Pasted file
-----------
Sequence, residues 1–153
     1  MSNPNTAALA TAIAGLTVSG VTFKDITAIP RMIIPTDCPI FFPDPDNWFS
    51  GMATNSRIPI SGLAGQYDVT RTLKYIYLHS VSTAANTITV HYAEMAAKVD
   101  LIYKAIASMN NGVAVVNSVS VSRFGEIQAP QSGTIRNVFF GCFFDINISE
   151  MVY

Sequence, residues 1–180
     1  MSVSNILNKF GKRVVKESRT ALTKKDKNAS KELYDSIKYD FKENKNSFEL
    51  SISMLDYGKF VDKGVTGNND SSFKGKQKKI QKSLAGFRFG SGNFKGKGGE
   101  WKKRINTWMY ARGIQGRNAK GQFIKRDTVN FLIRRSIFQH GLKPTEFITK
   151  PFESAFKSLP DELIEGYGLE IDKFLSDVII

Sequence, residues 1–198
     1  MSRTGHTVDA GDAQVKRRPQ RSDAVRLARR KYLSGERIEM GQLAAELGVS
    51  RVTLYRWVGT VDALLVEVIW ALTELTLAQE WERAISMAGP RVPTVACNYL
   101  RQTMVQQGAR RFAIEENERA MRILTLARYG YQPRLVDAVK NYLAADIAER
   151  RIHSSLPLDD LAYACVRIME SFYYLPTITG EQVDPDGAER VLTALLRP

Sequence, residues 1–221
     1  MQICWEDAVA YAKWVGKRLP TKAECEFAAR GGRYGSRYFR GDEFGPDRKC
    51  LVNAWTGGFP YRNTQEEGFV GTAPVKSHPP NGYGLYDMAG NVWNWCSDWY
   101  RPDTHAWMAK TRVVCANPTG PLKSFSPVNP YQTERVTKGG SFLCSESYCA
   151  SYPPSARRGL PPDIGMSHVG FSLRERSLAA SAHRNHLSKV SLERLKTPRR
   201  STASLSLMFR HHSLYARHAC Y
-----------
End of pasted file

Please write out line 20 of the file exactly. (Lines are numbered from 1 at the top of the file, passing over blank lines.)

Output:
   151  SYPPSARRGL PPDIGMSHVG FSLRERSLAA SAHRNHLSKV SLERLKTPRR